Prof. LIN, Feng-Tyan
  • Professor
    Graduate Institute of Building and planning, National Taiwan University

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General Chairman: Dr. Ming-Chih Cheng 陳明智 主任
  • Director of Business Development Division, NARL
 
 

Dr. Feng-Tyan Lin, born in Tainan, Taiwan, 1956, is a professor of the Graduate Institute of Building and Planning, and the Chairperson of the Campus Planning Committee, National Taiwan University. He is also with (1) the Department of Civil Engineering, National Taiwan University, (2) the Institute of Information Science, Academic Sinica, Taiwan, (3) a concurrent director of Information Division, National Science and Technology Center for Disasters Reduction. Besides, he offers part-time teaching courses in the Institute of Traffic and Transportation, National Chiao Tung University.

He obtained his bachelor degree in engineering (urban planning) at National Cheng Kung University, Tainan, Taiwan, in 1977. After two years’ military service, he passed a national examination for senior civil service, and had served in the Bureau of Housing and Urban Development, Taiwan Provincial Government, as a planner for 5 years. In 1983, he received a government scholarship by passing a competitively national examination to go abroad for his advanced education. He obtained his master and Ph.D. degrees in computer science at Northwestern University, USA, in 1986 and 1989, respectively. Then he has been a faculty member at National Taiwan University until now.

Prof. Lin’s research has focused on information cities and computer theories which can be applied to urban planning and architectural design. He has published more than one hundred journal and conference papers, and consulted by the national government and various local governments of Taipei city, Kaoshiung city, Taipei county, Taichung city, etc. for establishing their geographical information systems. He was the director of the Graduate Institute of Building and Planning, National Taiwan University (1999-2005), the president of Chinese Geographical Information Society (2001-2004), a superintendent of the Taiwan Institute of Urban Planning, a committee member of Regional Planning, Ministry of Interior, Taiwan.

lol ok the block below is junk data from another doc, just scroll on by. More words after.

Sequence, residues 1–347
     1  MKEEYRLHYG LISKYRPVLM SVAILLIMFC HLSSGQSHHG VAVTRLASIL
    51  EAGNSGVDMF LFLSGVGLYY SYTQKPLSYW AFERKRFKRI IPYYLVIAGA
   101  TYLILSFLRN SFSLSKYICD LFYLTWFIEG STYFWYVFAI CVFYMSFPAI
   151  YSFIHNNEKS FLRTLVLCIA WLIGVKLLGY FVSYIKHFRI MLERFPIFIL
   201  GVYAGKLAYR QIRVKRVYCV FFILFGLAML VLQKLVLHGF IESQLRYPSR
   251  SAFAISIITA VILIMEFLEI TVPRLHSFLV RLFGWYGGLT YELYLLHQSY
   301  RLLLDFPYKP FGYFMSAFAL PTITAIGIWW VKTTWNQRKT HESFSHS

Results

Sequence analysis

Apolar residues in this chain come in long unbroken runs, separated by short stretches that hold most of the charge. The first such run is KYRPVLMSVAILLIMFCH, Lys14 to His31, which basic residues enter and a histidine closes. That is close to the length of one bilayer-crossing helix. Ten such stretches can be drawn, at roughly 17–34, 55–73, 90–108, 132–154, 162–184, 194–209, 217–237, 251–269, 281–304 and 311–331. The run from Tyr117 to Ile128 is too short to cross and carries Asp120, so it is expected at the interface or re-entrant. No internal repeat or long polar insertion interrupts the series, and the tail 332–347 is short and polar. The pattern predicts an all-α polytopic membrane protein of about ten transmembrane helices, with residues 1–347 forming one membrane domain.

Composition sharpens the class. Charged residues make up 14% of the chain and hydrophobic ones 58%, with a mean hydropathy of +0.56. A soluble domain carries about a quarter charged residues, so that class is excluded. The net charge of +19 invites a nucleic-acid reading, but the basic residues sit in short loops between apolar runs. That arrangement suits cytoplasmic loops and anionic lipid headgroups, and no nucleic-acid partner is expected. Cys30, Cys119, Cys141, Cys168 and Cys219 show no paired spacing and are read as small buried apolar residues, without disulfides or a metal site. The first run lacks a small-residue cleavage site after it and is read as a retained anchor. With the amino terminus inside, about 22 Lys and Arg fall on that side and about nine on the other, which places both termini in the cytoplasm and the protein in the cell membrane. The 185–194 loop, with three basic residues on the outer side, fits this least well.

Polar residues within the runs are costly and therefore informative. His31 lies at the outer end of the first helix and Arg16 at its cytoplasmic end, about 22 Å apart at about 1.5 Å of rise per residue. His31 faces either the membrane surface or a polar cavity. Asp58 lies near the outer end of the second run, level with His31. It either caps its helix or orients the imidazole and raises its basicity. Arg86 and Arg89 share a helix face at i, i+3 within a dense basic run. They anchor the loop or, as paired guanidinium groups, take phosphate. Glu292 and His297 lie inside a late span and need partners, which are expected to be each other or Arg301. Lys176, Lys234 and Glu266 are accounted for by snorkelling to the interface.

Earth Observation Projects in Taiwa

Abstract

Taiwan has already had many similar works to those of the earth observation. In this talk, we will introduce six national projects, namely, Land Use Investigation and Change Monitoring, Eco-Grid, Environmental Quality Monitoring, Hydrological Monitoring, Flood Monitoring, and Disaster Management Coordination Project. The first four projects collect observed data of land use, ecology, air, water quality and quantity. The fifth project is to monitor flood hazard, while the sixth project is set to coordinate disaster management projects launched by various government offices. These projects can be further integrated via the e-government service platform by following national and inter-national standards. Thus, the fruitful observed databases can be shared with international societies.